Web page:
7. Are You Happy-The Beau Brummels  1967  A tale of two bands: one a pop rock band making great music for Autumn and then the other band which explored country and muzak when Warner Brothers snatched them up and left them for dead.  I have a hard time liking their critical acclaimed Triangle album and even harder time trying to stay awake but this failed single wouldn't been out of place of along the likes of Pet Clark and The Association, although the latter band had better hooks for AM radio.

8.  Sunset Medley (A bunch of blues/Babes in the woods) W.G.Haenschen & T.T. Schiffer  1916   By far the earliest recording to ever grace this top ten and perhaps the first honest Boogie shuffle or as they put it the beginnings of swinging jazz, at least A Bunch Of Blues segment of this medley.  Schiffer, one of the greatest unknown drummers of the early recording years may have invented funk.....50 years before anybody attempted it.  Never knew it existed.  http://www.archeophone.com/product_info.php?cPath=21_24&products_id=74

9. Drift-Hostage 1994  For one things they clarify that back in the early 90s 3rd Street Live was known as Shades and they opened up for Foghat (The Lonesome Dave/Brian Bassett version of that band BTW) and they were one of the best cover rock bands in the Cedar Rapids area.  And for their effort they put together a CD called Black Sky Calling which is a so so record.  But I give it a fond remembrance since they recorded at School House, which was inside 16th Avenue Music in the Czech Village (RIP).  For all the hodgepodge that some of the bands are in the IA HOF, I'm surprised that Hostage hasn't made the list. But then again they do overlook some of the more obscure but more influential musicians in the area.  Hostage did reunite in 2010 and played certain venues but looks like they have retired once again. (there was a picture of Foghat playing at Third street live with Hostage opened up, but the picture has since disappeared, Hostage's loss)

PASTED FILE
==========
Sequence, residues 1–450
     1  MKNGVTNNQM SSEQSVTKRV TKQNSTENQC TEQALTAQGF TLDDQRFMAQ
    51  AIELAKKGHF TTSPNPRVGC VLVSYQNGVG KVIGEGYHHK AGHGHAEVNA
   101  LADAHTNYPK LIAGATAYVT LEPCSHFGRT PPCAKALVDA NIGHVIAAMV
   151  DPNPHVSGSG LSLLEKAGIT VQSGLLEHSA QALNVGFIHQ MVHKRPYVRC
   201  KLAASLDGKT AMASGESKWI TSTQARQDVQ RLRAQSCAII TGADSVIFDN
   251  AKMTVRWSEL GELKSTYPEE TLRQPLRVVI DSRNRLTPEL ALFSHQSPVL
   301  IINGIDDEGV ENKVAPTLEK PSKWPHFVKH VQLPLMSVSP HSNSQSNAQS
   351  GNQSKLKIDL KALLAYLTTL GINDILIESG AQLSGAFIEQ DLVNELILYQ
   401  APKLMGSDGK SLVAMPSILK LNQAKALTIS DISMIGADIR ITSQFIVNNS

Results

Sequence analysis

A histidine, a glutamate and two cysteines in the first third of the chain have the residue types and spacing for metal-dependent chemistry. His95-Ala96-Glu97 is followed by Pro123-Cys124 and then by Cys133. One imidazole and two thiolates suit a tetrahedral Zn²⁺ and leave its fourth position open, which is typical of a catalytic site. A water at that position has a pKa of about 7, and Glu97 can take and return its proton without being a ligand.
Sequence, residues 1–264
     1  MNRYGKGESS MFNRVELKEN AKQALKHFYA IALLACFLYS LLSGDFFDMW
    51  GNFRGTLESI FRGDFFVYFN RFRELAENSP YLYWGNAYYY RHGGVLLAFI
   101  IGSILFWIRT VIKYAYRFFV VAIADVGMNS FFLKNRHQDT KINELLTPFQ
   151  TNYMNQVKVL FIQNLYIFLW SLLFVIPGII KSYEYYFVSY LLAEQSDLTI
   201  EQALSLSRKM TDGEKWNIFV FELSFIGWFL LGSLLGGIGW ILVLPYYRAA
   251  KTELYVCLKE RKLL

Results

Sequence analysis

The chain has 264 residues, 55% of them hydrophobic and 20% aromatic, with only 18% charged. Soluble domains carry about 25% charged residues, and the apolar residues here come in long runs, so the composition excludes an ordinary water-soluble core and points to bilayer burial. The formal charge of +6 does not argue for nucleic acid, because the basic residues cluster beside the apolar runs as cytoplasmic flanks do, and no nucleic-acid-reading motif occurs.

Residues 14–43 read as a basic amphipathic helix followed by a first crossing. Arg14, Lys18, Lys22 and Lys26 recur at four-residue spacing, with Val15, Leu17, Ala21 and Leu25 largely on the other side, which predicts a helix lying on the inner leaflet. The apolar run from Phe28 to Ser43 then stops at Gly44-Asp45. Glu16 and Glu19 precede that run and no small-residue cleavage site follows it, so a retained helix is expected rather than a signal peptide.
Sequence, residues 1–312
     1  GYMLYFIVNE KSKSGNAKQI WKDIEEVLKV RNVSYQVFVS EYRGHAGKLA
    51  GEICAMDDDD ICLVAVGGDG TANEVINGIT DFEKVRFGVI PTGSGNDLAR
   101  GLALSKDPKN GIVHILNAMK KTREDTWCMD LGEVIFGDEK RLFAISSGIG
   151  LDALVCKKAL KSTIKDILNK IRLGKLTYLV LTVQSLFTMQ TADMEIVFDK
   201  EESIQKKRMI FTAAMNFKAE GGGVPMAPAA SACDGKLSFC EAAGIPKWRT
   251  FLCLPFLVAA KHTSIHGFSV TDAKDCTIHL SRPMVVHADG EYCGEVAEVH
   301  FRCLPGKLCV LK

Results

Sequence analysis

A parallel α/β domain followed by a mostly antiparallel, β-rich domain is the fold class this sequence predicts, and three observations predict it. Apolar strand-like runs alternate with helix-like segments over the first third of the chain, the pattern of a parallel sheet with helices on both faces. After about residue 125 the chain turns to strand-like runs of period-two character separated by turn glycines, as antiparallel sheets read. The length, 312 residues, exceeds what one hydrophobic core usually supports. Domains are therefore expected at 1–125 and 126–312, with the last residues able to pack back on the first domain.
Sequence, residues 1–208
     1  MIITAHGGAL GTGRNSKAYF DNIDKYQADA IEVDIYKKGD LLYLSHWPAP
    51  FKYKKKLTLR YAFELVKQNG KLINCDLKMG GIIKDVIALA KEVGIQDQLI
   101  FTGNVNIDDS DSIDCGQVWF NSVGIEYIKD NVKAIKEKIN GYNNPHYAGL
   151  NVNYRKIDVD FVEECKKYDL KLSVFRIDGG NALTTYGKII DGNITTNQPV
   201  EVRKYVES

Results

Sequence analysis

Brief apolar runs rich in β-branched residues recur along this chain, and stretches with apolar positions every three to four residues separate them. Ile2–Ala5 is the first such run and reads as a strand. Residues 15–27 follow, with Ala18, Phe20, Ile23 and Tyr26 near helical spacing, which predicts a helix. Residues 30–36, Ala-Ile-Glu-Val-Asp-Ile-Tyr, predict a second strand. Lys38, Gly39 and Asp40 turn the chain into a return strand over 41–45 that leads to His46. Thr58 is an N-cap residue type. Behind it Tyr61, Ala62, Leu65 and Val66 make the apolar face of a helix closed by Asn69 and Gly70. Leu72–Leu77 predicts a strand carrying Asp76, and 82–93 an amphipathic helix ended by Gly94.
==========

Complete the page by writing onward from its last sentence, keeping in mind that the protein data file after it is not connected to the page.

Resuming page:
10.  Those Were The Days-Cream 1968
       Another Year-Ian Gomm 1979
       We'll Meet Again-The Byrds 1966
       Another Brand New Year-The Bottlerockets 1999

Finally, I couldn't decide what song would be a fitting end to 10 years of putting up a top ten and I had these songs to debate but in the end I just said the hell with it and put them all up as kind of a medley.  The Cream song was a B side to White Room and I played Those Were The Days more than I did than White Room. Old crank Ginger Baker got credit for this song although Jack Bruce sang it, much to Ginger's chagrin.  Another Year was the B side to Hold On by Ian Gomm, and the Byrds and Bottlerockets songs end their respective albums.   As for blogging, I don't think it's the end of R.S.Crabby, I know I'll be moving on to a different venture (Next up: R. Smith's Record World-yet another music blog that will continue to mine the vaults of the forgotten, coming soon?) but for ten years straight the top ten music and review site has been the one constant in a decade of ups and downs for myself.

For the next year, I pray that 2014 will be a much better year for myself and for you out there.  I pray that our job status will get better and hopefully I won't have to look for another job and give up the things in life that I have enjoyed.   I hope next year we won't lose so many friends, family and musicians that have influenced my life but since most of I know are old and getting old, somebody will opt out into the great beyond.

Things come and go, so do the places that I go to.  I'd love to return to Seattle in the summertime or perhaps another Arizona trip but I think last summer's venture into the Valley Of The Sun may have been the final visit.  But never say never.  But in reality, the CD bargain hunts to faraway places are becoming less and less rewarding and I'm sure we'll lose a few more stores as the years go by.

With this top ten of the week and for the year, I have fulfilled my 10 year commitment and maybe hopefully some of the songs I posted made you seek them out, or at least Google them.  The music world doesn't exist sorely on Free Bird, Hotel California, Hey Soul Sister or any of those piece of shit bro country songs that made country radio a joke to listen to.   There's much more to seek out and listen to be it You Tube, Spotify, or net radio.

Thanks for your support and we'll meet again.

I promise.